-Olivia Rafferty-

-Olivia Rafferty-

We have all been there: you’ve just finished a workout, your body and mind are high on endorphins, and you feel like you could conquer the world. Then, the low blood sugar kicks in, and you suddenly become engulfed in this state of ravenous hunger.

Your mind conjures up thoughts of juicy burgers, luscious slices of chocolate cake, or that golden chicken takeaway you can’t resist. Treating yourself once in a while is important, but being environmentally aware of what you consume should always come into consideration too.

Veganism is more popular than it ever was before. Endless supplies of animal-friendly products line our supermarkets now, so the question is:

How can we power our lives without having to end other species’ lives?

As a runner, fuelling my body for especially long training sessions is a top priority. When converting to veganism, it felt overwhelming to think of all the potential fuel I would be giving up. But it eventually became clear that it’s not as hard as it seems.

Here are three ways you can super-power your body as a vegan:

  • Breakfast – The most important meal of the day

While the NCBI estimates that up to 30% of young people skip it, breakfast is one of the biggest secrets to kick-starting a balanced lifestyle.

The benefits it brings are endless. From launching your metabolism into action – which accelerates your calorie-burn – to preventing that mid-morning fatigue, this initial meal is something everyone (especially intensively active people) should make time for.

A good breakfast for many may include some scrambled eggs, a pot of yoghurt, or a bowl of cereal and milk. As vegans, it is evident why breakfast may come as an obstacle, and why skipping it is the most appealing solution, but it can be overcome!

Recently, I discovered oats. These grains can be used to make countless morning recipes, enjoyed by vegans and non-vegans alike. Porridge, oat pancakes and acai bowls are a few examples.

With less time on your hands, a bowl of cereal can still be a good choice. Substitute the cow’s milk with non-dairy alternatives (such as soya or almond) and ensure that the selected products have the Certified Vegan logo.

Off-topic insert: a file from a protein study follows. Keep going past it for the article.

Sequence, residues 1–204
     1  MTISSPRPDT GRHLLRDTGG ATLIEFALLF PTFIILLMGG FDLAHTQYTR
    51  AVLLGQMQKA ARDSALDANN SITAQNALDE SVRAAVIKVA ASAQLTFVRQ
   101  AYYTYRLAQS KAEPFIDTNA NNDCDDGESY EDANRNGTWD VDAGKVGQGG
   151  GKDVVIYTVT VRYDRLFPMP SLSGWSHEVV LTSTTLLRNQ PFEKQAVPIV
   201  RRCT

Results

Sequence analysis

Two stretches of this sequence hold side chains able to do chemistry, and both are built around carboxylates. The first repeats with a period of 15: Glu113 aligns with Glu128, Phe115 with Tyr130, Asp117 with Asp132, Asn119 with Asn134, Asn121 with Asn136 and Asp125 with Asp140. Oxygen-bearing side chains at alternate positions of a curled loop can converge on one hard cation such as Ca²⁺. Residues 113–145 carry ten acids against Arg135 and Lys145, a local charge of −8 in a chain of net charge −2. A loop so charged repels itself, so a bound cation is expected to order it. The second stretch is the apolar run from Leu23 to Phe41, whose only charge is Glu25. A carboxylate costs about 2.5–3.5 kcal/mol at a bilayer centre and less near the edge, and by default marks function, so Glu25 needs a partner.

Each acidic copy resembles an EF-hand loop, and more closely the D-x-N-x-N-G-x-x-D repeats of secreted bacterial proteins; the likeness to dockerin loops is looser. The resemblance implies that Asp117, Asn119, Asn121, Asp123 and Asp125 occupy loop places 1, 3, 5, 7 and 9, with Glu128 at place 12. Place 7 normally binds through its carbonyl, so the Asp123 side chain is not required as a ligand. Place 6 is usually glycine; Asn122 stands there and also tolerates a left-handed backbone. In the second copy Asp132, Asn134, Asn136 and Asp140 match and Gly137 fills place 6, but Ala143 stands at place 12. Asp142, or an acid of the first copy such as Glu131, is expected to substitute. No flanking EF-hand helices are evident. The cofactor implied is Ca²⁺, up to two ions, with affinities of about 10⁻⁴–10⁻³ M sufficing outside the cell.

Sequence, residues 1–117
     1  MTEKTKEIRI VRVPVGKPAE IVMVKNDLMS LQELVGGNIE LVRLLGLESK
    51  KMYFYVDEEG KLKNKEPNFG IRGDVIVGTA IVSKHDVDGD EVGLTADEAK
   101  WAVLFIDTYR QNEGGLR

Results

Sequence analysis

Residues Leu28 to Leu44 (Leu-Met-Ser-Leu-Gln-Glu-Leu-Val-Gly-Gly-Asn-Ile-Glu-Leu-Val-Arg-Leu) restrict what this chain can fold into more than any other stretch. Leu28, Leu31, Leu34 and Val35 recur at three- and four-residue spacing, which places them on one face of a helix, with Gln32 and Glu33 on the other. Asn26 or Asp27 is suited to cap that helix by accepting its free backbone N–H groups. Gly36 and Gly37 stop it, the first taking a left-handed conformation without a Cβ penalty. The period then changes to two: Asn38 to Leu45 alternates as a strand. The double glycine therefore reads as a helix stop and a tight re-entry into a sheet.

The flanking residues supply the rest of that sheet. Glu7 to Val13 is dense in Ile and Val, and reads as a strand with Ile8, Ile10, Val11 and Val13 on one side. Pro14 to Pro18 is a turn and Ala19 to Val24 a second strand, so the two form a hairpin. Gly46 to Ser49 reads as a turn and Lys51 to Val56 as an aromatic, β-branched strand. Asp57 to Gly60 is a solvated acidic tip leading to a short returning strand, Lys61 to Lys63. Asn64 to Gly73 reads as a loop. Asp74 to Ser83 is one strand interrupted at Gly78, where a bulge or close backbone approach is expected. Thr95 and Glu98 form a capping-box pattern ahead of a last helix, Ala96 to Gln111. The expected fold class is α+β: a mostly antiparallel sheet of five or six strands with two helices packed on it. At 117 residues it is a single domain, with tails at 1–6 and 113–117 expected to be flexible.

Finally, avocados: a healthy fat that can be smashed on toast with a side of scrambled tofu. It can also be used as the basis of a smoothie bowl.

  • Carbs really are an athlete’s best friend.

The bases of the food pyramid, carbohydrates too have become a demonised part of our daily diets. However, they should make up around 40 to 60% of an average human’s calorie intake.

As a vigorously active person, it is extremely important that your level of carbohydrates stay around this percentage, or you will be unable to perform to your maximum capacity.

The best times of day to take in this nutrient are at breakfast, an hour before your workout, and shortly after your workout. If you have a competition (or a marathon) coming up, remember to take in a lot of carbohydrates the night before.

Luckily, this source of energy is usually vegan-friendly, but be sure to check that the bread or pasta you buy has not been cooked with eggs or milk (such as egg noodles).

  • Pack in the protein!

A nutrient hidden in some of the most peculiar places, protein is another vital element to an active person’s diet. In addition to boosting your metabolism, it is essential in maintaining bone mass and speeding up your recovery from sport injuries.   

Unfortunately, the foods richest in protein all counteract the principles of veganism (chicken, tuna, eggs, mature cheese etc.). The biggest assumption non-vegans make is that cutting out these foods will lead to iron-deficiency, but it’s all about knowing where to look.

Nuts (principally almonds) are an immensely rich source of protein. They are an easy snack, and almond butter is optimal for spreading on toast or mixing into porridge.

Grains such as oatmeal, quinoa and wholemeal flour are also high in this nutrient, and as they are carbs, they can be incorporated into any of your three daily meals. Pulses and beans, including chickpeas, tofu and lentils can also provide you with the right amount of nutrition.

Ideally, a minestrone soup containing a mix of pulses or a plate full of tofu stir-fry will fight off all the anti-vegan conspiracy theories!

Whether you are new to the vegan lifestyle, or are looking to reach for more challenging fitness goals, it is important to remember not to take on all three steps at once. Tackle them one at a time; achieving balance is key.


Olivia Rafferty
BA Journalism